The ownership of intellectual property (IP) developed in the classroom is a tricky topic. Let’s suppose a team of 4 students (Team ZZ) is in a business innovation class. For a full semester Team ZZ will refine a business idea, create a business model, do a marketing analysis and competitive landscape review, and develop a company launch plan. It is a lot of work. Let’s assume that the team performs well and all members pull their weight. And, at the end of the semester one of the team members (student #1) wants to launch the company.
For clarity’s sake, I am not addressing in this post university ownership of intellectual property. A university typically does own the IP produced by its employees in the course of their university work. So, when a faculty member or PhD student invents something during their research, the university will own it (just like Cisco owns the IP created by its employees). Importantly, students that “pay” to go to the university (like undergrads and masters degree candidates) are not employees and the university typically does not own IP produced by them. In my example, let’s assume the students on Team ZZ are all MBA candidates in the business school (so are not employees).
So, on Team ZZ, who owns the business idea? Does student #1 have stronger ownership rights than student #2? Do each of the 4 students own the idea equally?
The answer will depend on the following key factors: (i) who came up with the idea and (ii) did the members of Team ZZ agree up front on ownership rights? The matter is not a simple one even if the core idea was student #1’s (in other words, student #1 brought the idea to Team ZZ). For example, the other students might have added to the idea or figured out the business model to commercialize the idea. So, it becomes critical to agree up front on ownership rights in writing. If the core idea was student #1’s, the best approach would be for student #1 to get the other students on the team to assign their rights to the idea and team output to student #1. The argument is “hey, this is my idea that I am bringing to you and you are getting credit for your course work”. The argument is sound. The agreement should be signed up at the beginning of the project. It really is the only way to make the matter cut and dry and safe for student #1. And there are many variations in the assignment of rights. For example, the team members could agree to assign all rights to 2 students instead or could agree to assign all rights to the team as whole with ownership percentages specifically spelled out.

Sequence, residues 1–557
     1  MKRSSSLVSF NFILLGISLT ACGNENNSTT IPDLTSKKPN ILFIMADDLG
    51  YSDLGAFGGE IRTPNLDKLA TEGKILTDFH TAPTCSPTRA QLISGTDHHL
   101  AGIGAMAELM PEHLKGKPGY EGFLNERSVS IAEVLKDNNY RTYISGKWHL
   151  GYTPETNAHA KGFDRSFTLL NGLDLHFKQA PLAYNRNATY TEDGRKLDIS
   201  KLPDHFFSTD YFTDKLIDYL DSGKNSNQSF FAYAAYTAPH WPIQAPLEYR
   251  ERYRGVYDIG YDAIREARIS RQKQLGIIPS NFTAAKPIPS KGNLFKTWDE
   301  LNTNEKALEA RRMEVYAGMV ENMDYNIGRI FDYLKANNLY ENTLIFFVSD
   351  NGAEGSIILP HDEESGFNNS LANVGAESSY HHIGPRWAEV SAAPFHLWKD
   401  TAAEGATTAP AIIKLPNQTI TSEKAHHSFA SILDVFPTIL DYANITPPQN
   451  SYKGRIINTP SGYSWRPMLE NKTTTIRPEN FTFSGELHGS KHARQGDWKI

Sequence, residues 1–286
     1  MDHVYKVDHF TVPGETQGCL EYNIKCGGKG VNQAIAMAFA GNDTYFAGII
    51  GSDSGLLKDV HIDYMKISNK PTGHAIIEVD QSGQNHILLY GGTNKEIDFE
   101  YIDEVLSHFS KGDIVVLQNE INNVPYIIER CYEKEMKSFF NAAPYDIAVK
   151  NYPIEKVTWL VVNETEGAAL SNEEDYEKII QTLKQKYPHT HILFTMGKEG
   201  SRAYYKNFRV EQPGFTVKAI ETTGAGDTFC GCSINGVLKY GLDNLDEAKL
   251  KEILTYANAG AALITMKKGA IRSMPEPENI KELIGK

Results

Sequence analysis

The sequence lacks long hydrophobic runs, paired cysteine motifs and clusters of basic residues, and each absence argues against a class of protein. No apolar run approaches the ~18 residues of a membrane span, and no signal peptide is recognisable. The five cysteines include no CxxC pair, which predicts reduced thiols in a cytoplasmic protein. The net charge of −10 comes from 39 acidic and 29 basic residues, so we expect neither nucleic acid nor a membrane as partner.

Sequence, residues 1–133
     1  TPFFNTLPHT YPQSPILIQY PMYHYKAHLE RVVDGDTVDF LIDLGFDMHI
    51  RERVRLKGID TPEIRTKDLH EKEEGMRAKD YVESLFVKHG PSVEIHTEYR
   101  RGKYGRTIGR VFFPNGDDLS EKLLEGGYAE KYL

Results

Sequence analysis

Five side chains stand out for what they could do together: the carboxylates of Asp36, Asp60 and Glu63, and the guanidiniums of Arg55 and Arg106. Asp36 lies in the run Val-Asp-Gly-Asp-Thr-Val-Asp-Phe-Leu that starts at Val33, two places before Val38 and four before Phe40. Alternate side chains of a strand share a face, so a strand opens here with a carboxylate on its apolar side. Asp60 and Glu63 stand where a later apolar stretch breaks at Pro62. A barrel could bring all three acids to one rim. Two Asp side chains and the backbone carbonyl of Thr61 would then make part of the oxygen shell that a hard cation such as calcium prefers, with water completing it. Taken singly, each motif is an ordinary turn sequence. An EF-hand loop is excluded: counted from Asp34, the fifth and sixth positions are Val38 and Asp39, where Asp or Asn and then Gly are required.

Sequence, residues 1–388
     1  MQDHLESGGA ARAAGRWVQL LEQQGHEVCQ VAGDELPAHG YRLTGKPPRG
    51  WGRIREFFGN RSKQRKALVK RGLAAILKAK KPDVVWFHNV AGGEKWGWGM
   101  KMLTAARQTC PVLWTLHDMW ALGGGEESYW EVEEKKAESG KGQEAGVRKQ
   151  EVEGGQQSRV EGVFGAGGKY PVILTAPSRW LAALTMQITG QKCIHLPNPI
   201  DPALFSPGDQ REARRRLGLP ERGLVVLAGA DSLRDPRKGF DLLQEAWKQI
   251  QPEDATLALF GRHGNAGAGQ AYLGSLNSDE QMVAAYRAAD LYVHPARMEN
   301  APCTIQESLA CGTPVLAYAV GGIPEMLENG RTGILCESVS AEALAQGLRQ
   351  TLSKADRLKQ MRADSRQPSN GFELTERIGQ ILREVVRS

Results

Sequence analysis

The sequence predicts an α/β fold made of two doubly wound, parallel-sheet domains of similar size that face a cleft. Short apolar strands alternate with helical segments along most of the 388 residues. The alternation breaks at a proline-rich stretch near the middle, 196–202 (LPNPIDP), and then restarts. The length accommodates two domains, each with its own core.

If you want to see a form of assignment of rights feel free to email me.
Here’s a twist on that post… Say a student team has to develop a business plan for a course, and does it around some technology at the University (since they didn’t have their own idea). They put together a great plan, and identify some really solid market opportunities that the tech transfer office never even knew about. Upon completion of the course (or graduation), they decide not to launch the business. Who owns their work product? Can the university take that business plan, and shop it around to someone else to launch a company? Or talk to potential licensees that were identified by the student team in that plan – which TTO didn’t know about before the student team identified it?
Obviously some very nitty gritty questions – but I bring them up because we just talked about these issues last month. A lot of business plans get written in b-schools around the country, some of which might be pretty good opportunities. What should we do with them? What are we legally allowed to do with them?
Thanks Jim. My thought is that the students for sure own the work product. The university could ask for it or pay them for it, and then shop it around. The plan is worthless without the university IP so I would think that the students would have some incentive to sell the plan for a reasonable amount. If the students share the plan with the TTO (even if they just let them read it), then the TTO would be able to shop the ideas to licensees. From a legal perspective, the TTOs would be well served by paying students (not much) for their plans!